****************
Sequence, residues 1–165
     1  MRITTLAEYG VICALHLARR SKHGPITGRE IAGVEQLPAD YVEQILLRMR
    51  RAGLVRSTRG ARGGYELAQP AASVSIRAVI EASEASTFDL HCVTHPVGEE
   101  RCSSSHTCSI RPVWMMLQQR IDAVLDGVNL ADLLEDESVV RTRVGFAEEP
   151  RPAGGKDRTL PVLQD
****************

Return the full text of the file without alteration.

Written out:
Sequence, residues 1–165
     1  MRITTLAEYG VICALHLARR SKHGPITGRE IAGVEQLPAD YVEQILLRMR
    51  RAGLVRSTRG ARGGYELAQP AASVSIRAVI EASEASTFDL HCVTHPVGEE
   101  RCSSSHTCSI RPVWMMLQQR IDAVLDGVNL ADLLEDESVV RTRVGFAEEP
   151  RPAGGKDRTL PVLQD